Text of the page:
Retaining women wealth managers – what do we do?

Following this publication’s recent review of how wealth managers are improving the recruitment of female advisors, we now take a fresh look at what they are doing to retain this female talent.

While geopolitical events such as the war between Ukraine and Russia and concerns about high inflation currently dominate the world, long-term questions about how to diversify the wealth management industry persist. This post has spoken to several companies about how they are trying to achieve this when it comes to recruiting and retaining female wealth advisors. Continuing our review of recruitment initiatives, here we highlight companies’ retention policies.


flexible working
British private bank Kleinwort Hambros’ initiatives include flexible contract opportunities and part-time variations. The company rolled out a connected working policy to enable flexible working from home for all staff before the pandemic.

London-based Brooks Macdonald has also embraced connected working to enable employees to seek a work-life balance that works for them. It expects staff to be in the office only for half of their work week and does not stipulate start and end times. The company takes a “very flexible” approach to supporting staff and their needs – whether it’s childcare or caring for a dependent adult – and encourages part-time work and sharing employment. “For example, three of the senior managers on my team work part-time, so that’s something that can be done and should be encouraged,” Tom Emery, director of human resources at Brooks Macdonald, told this publication.


work-life balance
The company’s personnel are managed according to what they deliver and not according to their work schedule. “We have created a big change in our culture over the past few years. We’ve moved from “we’re in the office from 9am to 5pm” to getting work done at a time and place that suits the individual, whether in the office or remotely. We don’t care what time people start and end,” Emery said.

As part of Lombard Odier’s efforts to improve work-life balance for women, the Geneva-based private bank is allowing its staff to work from home one or two days a week and applying flexible hours.

In Geneva, it pays for the use of the “Red Riding Hood” service, which provides emergency care for sick children under 12 years old. And it was the first bank in Switzerland to receive EDGE certification, the global assessment methodology and business certification standard, at MOVE level (the second highest of three levels), the firm told this publication.

Lombard Odier also has a women’s leadership program, launched in 2017, in which forty-six women have taken part so far. And its HR Department ensures that the number of employees promoted each year is as representative as possible of gender diversity. It also carries out an annual analysis of equal pay.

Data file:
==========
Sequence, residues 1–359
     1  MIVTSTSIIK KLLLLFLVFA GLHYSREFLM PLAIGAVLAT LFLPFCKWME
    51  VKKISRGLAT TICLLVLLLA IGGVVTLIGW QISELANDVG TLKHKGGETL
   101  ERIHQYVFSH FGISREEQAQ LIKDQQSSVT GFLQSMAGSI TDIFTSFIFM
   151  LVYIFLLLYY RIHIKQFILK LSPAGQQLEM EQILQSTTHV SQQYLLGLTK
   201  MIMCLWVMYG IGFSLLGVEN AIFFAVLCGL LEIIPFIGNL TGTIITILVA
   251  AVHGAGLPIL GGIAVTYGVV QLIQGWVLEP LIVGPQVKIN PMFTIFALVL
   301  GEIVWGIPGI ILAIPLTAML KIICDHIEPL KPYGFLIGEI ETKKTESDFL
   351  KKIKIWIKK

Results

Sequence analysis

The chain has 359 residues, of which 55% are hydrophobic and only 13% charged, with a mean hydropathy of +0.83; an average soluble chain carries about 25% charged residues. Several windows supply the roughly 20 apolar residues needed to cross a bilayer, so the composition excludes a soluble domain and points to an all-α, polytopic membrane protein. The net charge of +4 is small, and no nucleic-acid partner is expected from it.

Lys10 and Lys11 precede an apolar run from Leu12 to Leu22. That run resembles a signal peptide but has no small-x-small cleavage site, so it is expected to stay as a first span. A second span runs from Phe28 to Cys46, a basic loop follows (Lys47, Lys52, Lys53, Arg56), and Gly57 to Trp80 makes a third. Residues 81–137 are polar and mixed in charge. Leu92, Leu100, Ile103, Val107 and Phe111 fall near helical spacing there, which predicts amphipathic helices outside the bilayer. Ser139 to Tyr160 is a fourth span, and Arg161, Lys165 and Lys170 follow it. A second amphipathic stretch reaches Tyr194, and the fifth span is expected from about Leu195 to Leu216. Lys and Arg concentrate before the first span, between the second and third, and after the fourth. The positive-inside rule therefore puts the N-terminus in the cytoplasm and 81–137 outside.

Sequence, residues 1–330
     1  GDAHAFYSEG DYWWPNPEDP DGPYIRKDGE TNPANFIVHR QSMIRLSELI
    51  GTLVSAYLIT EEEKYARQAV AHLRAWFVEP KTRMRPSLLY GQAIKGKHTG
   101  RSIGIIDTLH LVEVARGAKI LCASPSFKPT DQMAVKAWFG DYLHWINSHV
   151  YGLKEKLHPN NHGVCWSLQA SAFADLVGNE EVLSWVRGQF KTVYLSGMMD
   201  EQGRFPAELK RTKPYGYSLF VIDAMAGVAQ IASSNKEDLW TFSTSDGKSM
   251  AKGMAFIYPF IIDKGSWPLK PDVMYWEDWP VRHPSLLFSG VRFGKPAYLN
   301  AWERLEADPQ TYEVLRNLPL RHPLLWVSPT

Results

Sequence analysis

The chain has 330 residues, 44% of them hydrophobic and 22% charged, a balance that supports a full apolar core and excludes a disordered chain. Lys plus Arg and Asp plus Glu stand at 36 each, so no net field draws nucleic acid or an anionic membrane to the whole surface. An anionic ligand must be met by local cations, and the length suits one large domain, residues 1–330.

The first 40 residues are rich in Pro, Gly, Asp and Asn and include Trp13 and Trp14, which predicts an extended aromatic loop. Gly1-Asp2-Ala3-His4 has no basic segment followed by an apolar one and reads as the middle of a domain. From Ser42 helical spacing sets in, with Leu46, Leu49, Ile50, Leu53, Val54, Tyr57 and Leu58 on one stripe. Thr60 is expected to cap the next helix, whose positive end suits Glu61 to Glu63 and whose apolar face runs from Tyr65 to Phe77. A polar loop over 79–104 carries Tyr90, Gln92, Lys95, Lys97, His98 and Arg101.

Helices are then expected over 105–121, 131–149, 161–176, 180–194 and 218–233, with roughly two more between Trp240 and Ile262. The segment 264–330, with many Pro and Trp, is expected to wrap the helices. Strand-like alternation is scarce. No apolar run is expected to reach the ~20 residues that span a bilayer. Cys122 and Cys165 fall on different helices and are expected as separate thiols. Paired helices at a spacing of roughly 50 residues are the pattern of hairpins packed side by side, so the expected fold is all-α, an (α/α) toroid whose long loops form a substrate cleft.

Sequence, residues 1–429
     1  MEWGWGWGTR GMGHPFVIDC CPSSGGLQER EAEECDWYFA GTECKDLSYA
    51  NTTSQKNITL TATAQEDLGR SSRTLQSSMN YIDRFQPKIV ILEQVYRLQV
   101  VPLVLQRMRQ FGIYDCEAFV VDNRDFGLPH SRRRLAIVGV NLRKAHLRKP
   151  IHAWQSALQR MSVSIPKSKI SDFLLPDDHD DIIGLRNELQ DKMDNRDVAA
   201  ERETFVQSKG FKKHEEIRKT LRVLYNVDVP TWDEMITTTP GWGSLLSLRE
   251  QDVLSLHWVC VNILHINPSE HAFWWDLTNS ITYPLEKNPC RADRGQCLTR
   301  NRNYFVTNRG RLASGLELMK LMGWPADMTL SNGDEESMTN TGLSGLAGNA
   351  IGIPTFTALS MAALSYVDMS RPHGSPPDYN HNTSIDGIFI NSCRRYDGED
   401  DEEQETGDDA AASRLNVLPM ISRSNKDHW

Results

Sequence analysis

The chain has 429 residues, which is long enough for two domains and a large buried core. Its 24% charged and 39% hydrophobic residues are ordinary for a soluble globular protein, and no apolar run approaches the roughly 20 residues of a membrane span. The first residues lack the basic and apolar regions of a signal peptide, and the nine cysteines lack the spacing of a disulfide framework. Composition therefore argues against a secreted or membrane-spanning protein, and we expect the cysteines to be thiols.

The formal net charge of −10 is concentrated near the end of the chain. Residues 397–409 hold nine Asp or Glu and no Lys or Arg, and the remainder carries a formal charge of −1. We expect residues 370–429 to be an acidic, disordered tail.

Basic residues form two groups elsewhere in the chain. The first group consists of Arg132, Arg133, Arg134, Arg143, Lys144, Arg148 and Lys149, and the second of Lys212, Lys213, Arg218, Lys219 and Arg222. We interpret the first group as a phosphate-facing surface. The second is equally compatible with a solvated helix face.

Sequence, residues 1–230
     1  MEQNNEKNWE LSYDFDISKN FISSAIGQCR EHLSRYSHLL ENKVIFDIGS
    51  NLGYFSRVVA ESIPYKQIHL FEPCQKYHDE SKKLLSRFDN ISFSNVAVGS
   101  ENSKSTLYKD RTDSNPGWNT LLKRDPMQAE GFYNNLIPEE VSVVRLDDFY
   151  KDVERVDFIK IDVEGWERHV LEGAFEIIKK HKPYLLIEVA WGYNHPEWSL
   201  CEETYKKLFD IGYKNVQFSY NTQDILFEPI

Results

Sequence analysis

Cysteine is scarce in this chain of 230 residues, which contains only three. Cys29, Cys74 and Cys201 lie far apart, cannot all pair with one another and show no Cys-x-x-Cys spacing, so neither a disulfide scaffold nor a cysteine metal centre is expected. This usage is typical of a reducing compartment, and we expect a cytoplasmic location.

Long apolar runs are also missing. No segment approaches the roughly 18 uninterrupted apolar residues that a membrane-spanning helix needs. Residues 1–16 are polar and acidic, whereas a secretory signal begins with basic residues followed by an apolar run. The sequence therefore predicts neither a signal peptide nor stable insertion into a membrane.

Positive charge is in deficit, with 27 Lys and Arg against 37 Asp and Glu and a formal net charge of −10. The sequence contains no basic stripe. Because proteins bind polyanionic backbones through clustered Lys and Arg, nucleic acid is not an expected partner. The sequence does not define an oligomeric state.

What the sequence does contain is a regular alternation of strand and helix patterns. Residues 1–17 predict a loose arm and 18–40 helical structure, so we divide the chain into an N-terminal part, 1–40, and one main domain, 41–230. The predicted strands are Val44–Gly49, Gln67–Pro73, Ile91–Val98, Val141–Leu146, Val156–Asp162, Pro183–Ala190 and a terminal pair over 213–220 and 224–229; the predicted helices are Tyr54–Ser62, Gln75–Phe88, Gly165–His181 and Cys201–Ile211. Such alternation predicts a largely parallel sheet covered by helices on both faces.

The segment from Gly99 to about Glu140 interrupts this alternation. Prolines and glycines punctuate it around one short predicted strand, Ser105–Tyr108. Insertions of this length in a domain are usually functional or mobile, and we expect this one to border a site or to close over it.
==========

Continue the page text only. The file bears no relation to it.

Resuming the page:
London-listed wealth management firm Kingswood offers a work-life integration framework, working with “each employee” to determine a flexible working arrangement that benefits both the employee and the business .


Mentoring, training and networking
Kleinwort Hambros, which has a forum on gender equality, is a founding member of the WealthiHer network and, within Societe Generale, is a signatory of the Women in Business charter. He said Heritage Briefing that it has “already achieved its goal of increasing the representation of women in leadership positions”.

Training initiatives have included coding classes for women and lunch and learn sessions on topics impacting women, such as menopause. With Societe Generale, it launched a training program for female talent last year and offers its employees a range of reverse mentoring programs. A few years ago, he piloted a career comeback program.

“We strongly believe that promoting diversity and inclusion is essential,” Delyth Richards, head of client solutions group at Kleinwort Hambros, told the news service.

For his part, Julius Baer told this publication that he is “relentlessly” focused on creating and promoting an inclusive career environment, and on a “collective responsibility” to improve the inclusion of current clients and future, regardless of gender or origin.

Initiatives include its senior women mentorship program, a dedicated task force to support diversity and inclusion in the workplace, while in Asia it offers a [email protected] Baer employee network.

“We have a history of supporting women in the workplace and are committed to creating a supportive career environment for our employees,” said Benjamin Hauenstein, Asia Pacific Human Resources Manager, Julius Baer.

Brooks Macdonald also offers an all-staff mentorship program with approximately 30 trained mentors from across the company.

Dolores W. Simon